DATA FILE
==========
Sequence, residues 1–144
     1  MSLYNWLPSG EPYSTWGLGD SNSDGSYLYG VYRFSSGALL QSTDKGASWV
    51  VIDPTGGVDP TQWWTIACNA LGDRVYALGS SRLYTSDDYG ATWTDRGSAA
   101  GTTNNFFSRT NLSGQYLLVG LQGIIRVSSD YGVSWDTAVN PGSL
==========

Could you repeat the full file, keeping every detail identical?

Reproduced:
Sequence, residues 1–144
     1  MSLYNWLPSG EPYSTWGLGD SNSDGSYLYG VYRFSSGALL QSTDKGASWV
    51  VIDPTGGVDP TQWWTIACNA LGDRVYALGS SRLYTSDDYG ATWTDRGSAA
   101  GTTNNFFSRT NLSGQYLLVG LQGIIRVSSD YGVSWDTAVN PGSL